Canadian Teacher Fired For Not Being ‘Black Enough’ Awarded Compensation

Canadian Teacher Fired For Not Being 'Black Enough' Awarded Compensation
Staff members at the Black Educators Association allegedly did not defend Rachel Brothers against complaints that she was not ‘black enough’ for her job at the organization.

AFRICANGLOBE – A biracial Canadian woman was fired from the Black Educators Association (BEA) for not being “black enough,” a human rights board ruled.

Last week, the Nova Scotia Human Rights Commission ordered the educational organization to pay Rachel Brothers $11,000 in damages and lost income for violating the Maritime province’s Human Rights Act.

Commission Chairman Donald Murray concluded that the company’s “colourist thinking” created a toxic work environment at their main office in Halifax and a regional office in Kentville — which ultimately cost Brothers her job.

Brothers was competing with another woman, Catherine Collier, for the position of regional educator at the Kentville office.

Brothers got the job and wound up hiring Collier for a different position. But Collier still felt she was better qualified than Brothers for the more senior role because she was older and “blacker.”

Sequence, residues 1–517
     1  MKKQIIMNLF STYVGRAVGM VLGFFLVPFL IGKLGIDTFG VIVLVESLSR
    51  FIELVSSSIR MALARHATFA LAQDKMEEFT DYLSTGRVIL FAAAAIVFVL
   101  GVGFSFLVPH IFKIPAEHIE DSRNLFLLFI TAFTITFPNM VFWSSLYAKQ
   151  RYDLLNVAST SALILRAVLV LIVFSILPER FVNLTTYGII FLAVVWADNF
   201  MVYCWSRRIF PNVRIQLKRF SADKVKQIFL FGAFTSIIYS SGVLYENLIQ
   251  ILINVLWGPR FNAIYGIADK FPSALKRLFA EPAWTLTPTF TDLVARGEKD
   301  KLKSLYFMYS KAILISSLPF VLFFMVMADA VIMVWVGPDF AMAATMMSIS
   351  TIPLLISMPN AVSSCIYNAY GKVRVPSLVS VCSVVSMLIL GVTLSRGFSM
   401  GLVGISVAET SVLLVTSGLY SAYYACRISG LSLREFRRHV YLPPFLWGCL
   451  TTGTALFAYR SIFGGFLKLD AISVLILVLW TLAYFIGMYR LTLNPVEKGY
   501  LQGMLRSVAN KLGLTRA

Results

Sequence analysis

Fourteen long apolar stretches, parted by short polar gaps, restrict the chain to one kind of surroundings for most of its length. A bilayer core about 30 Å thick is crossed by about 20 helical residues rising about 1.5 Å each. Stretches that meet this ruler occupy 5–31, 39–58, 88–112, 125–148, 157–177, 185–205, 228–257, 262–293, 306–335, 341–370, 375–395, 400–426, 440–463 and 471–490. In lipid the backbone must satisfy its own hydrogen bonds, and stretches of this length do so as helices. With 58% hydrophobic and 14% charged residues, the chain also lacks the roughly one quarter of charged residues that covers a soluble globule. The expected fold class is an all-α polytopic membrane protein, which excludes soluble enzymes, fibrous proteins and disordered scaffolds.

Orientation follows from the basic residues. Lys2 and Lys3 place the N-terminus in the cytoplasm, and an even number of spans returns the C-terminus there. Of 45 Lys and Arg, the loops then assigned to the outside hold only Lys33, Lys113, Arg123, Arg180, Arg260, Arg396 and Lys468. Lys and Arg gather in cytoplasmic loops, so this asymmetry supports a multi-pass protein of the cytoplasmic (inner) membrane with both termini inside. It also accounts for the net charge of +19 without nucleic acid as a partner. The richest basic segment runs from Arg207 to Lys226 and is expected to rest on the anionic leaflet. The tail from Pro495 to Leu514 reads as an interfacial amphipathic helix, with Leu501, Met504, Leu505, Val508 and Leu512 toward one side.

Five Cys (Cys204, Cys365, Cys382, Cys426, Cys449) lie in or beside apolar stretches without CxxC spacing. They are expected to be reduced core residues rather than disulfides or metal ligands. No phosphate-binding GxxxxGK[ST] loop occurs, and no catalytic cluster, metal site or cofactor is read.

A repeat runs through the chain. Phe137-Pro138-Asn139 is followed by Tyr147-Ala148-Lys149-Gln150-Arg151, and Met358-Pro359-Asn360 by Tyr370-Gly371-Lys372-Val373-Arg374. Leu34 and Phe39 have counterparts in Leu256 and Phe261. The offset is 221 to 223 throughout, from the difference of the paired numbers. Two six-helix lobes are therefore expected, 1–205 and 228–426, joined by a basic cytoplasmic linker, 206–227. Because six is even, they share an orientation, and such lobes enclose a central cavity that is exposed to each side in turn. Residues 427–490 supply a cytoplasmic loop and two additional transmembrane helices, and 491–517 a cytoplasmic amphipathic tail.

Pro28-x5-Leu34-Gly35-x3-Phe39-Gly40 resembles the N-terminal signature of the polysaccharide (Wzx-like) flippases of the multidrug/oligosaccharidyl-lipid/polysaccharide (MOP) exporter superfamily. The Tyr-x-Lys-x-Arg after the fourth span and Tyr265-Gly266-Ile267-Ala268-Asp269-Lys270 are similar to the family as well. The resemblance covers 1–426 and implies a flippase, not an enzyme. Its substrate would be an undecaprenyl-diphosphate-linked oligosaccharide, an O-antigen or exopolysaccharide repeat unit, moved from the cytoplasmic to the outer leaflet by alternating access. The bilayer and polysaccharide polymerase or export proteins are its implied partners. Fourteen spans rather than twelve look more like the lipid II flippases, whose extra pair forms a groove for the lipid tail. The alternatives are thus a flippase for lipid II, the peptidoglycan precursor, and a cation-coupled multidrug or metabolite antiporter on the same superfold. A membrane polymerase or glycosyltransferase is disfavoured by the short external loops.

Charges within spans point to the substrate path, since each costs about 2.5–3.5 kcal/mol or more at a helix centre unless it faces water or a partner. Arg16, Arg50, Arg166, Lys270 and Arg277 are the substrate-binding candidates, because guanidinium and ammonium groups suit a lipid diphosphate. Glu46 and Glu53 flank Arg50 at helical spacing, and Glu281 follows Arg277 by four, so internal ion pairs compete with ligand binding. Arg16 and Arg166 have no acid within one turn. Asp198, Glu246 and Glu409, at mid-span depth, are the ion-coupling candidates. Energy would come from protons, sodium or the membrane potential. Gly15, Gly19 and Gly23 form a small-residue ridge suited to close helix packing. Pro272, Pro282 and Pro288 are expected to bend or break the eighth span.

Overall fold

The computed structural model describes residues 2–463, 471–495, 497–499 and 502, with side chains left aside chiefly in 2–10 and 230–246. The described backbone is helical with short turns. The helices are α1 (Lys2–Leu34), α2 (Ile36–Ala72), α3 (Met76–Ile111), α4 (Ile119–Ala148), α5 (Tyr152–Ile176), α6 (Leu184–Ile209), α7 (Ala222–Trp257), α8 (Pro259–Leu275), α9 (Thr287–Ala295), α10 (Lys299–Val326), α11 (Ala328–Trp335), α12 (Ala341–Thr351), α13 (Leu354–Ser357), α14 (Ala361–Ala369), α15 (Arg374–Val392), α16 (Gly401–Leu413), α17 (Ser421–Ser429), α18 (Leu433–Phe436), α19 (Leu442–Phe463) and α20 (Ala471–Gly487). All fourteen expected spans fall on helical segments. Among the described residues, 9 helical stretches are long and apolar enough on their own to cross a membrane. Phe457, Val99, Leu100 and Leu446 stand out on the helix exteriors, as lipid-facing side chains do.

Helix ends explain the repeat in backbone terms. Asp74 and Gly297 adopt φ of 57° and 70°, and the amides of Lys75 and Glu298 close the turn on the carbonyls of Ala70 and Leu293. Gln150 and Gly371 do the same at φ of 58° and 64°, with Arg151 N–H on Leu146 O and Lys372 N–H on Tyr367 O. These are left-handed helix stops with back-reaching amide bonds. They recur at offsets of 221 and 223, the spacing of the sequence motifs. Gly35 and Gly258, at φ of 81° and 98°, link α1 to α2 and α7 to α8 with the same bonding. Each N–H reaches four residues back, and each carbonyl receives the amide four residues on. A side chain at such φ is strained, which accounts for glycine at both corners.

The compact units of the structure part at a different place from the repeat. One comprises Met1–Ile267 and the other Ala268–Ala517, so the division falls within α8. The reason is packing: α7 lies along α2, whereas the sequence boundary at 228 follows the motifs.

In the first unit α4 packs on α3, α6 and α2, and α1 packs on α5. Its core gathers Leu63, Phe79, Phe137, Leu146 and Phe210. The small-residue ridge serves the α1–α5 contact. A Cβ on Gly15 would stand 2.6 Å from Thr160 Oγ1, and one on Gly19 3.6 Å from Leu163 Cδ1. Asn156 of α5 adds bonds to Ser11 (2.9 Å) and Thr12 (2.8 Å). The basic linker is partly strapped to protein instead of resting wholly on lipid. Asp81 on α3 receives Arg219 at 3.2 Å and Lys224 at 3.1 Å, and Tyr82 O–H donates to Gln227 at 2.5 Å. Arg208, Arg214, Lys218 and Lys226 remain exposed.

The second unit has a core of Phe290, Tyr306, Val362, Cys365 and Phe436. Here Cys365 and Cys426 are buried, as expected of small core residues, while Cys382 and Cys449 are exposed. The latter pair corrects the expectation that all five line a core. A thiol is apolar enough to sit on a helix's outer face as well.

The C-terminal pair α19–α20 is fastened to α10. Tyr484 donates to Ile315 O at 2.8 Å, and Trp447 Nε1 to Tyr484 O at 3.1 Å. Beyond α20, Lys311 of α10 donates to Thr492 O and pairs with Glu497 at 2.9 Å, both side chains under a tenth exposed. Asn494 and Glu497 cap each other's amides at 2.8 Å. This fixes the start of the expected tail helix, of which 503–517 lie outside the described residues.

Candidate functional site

“It is clear to me that Ms. Brothers was undermined in part because she was younger than, and not as black as, Ms. Collier thought Ms. Brothers should be,” wrote Murray, who was appointed chief justice of the provincial court.

BEA was created in 1969 to help black children and adults benefit from the educational system in Nova Scotia. Collier argued that Brothers was too light skinned to “officially represent” the black community of the Canadian province.

Brothers was upset by the complaints about her lighter complexion but the other employees allegedly did not speak out against them. The other staff members would rationalize the comments or shrug them off as if they were “no big deal,” according to Murray.

One employee told Brothers that she might be better off trying to get a job with a “white employer,” he said.

Murray said Collier’s behavior at the time was “frankly, appalling” and that she still dislikes Brothers eight years later.

The board ruled that Brothers was discriminated against based on her race but not her age.

“This decision addresses an important human rights issue,” said Tracey Williams, director and CEO of the commission, in a release. “The commission needs to explore this sensitive subject to better understand its impact and identify ways we can be of assistance.”

 

By: Michael Walsh